olympics10Not so long ago I was walking up from Tirso de Molina toward Sol and as I passed a doorway a huge blob of gob flew out into the street at about thigh-level, narrowly missing me, followed by the spitter himself. Now, I am not one to cause a scene but in this case I made my feelings perfectly clear.

‘Hey! Do you mind??! That could have hit me! Look where you’re spitting, for God’s sake. In fact, even better- don’t do it, it’s disgusting.’ He was suitably bashful and apologetic, and hopefully will think next time before launching a pavement oyster. Unfortunately you would have to make it a full time job remonstrating with all those who clear their noses and throats in the streets of Lavapies. Like China, the streets often ring with the charming sounds of hawking and gobbing. But even China tried to clear up its act a few years ago during the SARS crisis, as the realistation finally dawned that it isn’t the most hygeinic of practices, and can contribute to the spread of diseases like Atypical Pneumonia, (which is more severe than common or garden Pneuomonia and doesn’t respond to antibiotics), Tuberculosis and other contagious respitatory illnesses. As we are currently at risk from another apparently deadly virus, this time originating from pigs, you’d think people might think twice before depositing their phlegm on the streets for us all to share, but no, the practice continues here.

Culturally it’s something we Brits have not done for years- centuries even, apart from a brief return to fashion during the punk era when it was part of the punk ritual to spit on live bands. While it was a common practice in Western Europe in the Middle Ages, by the early 1700s it had become a habit best concealed publicly, and by the late 1800s it was seen as vulgar, especially in mixed company. The Nineteenth Century gave us the Spittoon, though even the use of these began to die out after the Influenza epidemic of 1918, and today it’s merely seen as gross and socially unacceptable. Unless you are a footballer. It’s not the only sport where spitting has been noted- baseball player Frenchy Bordagaray was once suspended for spitting at an umpire, and remarked drily that the punishment was ‘more than I expectorated’. Yet even footballers are now coming under attack for the habit of spitting on the pitch due to the danger of spreading swine flu. The Health Protection Agency in October this year said spitting ‘could increase the risk of passing on infection’ and also claimed ‘Spitting is disgusting at all times. It’s unhygeinic and unhealthy, particularly if you spit close to other people…. Footballers, like the rest of us, wouldn’t spit indoors so they shouldn’t do it on the football pitch.’ Hear hear, I say. poster_spitting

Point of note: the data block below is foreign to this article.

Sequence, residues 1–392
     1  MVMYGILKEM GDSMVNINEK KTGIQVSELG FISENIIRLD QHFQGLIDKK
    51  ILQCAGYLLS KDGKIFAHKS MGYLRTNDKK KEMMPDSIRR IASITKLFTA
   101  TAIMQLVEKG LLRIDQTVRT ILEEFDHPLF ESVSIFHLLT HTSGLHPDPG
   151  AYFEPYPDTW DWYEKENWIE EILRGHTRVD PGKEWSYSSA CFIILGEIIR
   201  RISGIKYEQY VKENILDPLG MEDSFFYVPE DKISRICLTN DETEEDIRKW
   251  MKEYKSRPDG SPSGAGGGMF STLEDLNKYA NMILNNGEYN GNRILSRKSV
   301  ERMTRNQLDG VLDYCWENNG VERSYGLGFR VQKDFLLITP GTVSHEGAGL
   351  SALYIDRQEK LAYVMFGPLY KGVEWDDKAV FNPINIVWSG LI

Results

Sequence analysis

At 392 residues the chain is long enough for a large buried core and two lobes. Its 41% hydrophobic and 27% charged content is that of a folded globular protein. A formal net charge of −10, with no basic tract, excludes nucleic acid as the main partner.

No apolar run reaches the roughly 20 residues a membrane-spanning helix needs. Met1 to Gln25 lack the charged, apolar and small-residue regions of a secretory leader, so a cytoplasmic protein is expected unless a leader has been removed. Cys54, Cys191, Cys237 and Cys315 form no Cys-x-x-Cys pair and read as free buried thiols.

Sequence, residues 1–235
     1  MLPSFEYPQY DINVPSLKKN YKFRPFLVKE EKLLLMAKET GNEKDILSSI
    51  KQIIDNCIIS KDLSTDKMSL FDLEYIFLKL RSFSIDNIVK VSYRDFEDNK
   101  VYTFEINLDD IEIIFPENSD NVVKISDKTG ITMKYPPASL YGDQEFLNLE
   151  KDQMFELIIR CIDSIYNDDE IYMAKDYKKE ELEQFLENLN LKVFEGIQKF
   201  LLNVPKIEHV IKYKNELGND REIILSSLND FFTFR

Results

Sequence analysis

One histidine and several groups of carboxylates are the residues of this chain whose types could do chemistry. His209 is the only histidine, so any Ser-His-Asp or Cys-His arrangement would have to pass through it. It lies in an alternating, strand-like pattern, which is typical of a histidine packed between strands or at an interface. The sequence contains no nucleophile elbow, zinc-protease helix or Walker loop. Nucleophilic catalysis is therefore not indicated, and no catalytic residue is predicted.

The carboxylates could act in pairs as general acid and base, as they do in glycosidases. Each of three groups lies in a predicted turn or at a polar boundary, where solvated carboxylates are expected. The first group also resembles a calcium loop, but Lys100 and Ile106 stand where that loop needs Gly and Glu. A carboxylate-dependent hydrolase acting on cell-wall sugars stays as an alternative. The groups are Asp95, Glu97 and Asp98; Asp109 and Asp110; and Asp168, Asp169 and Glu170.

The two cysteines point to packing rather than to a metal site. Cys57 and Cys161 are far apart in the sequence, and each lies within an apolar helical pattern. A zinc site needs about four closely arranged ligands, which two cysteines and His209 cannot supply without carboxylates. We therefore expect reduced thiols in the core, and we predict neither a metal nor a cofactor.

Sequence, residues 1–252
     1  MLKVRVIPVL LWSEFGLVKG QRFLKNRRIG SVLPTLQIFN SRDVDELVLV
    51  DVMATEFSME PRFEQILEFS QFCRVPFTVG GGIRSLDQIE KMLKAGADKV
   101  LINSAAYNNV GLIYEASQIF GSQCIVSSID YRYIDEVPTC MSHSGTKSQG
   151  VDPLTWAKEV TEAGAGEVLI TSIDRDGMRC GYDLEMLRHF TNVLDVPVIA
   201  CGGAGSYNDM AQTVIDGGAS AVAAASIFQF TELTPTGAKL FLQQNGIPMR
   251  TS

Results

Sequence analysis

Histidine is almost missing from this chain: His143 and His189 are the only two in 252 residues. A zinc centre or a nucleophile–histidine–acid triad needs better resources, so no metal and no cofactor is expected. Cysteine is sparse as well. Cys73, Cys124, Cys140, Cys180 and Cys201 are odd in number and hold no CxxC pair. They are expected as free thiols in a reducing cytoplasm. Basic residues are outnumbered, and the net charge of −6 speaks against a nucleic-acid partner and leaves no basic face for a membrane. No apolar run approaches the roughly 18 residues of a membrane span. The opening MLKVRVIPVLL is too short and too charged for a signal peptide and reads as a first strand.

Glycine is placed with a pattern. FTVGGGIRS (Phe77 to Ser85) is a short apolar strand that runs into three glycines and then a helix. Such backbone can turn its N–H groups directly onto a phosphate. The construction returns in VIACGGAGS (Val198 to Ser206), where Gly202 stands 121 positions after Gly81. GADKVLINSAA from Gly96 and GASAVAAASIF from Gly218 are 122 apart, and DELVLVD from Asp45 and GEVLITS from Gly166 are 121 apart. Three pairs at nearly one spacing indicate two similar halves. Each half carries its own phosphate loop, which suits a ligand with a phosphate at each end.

I have tried to be tolerant and culturally aware, but this is one thing I cannot abide. Maybe it’s because I was once spat on in the face during an argument in a restaurant kitchen. To spit in someone’s face is a universal sign of anger, hatred and contempt. For me it was far worse than being slapped. It made things revoltingly personal. I lose my temper approximately every five years or so, and on this occasion I literally saw red- a red hot rage that made me hurl a bucket of garlic mayonnaise followed by another bucket of olives at the spitter. I was then hustled physically through the restaurant, past rows of startled diners, forks raised in mid-air, and hurled like a sack of rubbish onto the plaza with the cry of ‘and don’t come back!’ Let’s hope the same thing happens to this vile habit- hustle it out of the back door and make it perfectly clear it isn’t acceptable, and isn’t going to be making a come-back any time soon.

Lavapies Olympics (2) Free-style pissing

Posted in lavapies olympics with tags , , , , , , , , , , , , , on November 18, 2009 by cockroach1

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There used to be a smell I identified with Madrid- a vaguely unpleasant, smothering smell that made me happy. There were many years, after my intial sojourn in the late eighties, when I returned only sporadically to the city, to touch base, and to watch it shape-shifting, coping with change after change. But the smell stayed the same. It was the smell of the underground. As you descended the steps into the mouth of the metro the odour would waft up into your face: a kind of hot drainy smell reminiscent of bad plumbing, heat, and mysterious urban filth. I loved it. As soon as my nostrils filled with this hot, noxious metro-breath, I knew I was back in Madrid.

Now the smell of the metro is gone, there is ventillation and good plumbing, and there are armies of cleaners keeping the place hygeinic. Like the city, the underground has cleaned up its act. Madrid has de-toxed from the inside, undergone a kind of colonic irrigation. But things on the surface are not quite so clean and orderly. There is a new odour in the air, one which you can find on street corners, down little alleyways, next to Municipal flower pots, lamp-posts, in doorways and the stairwells leading down to the metro. I am not talking about the ubiquitous smell of cigarette smoke, I am talking about the smell of pee.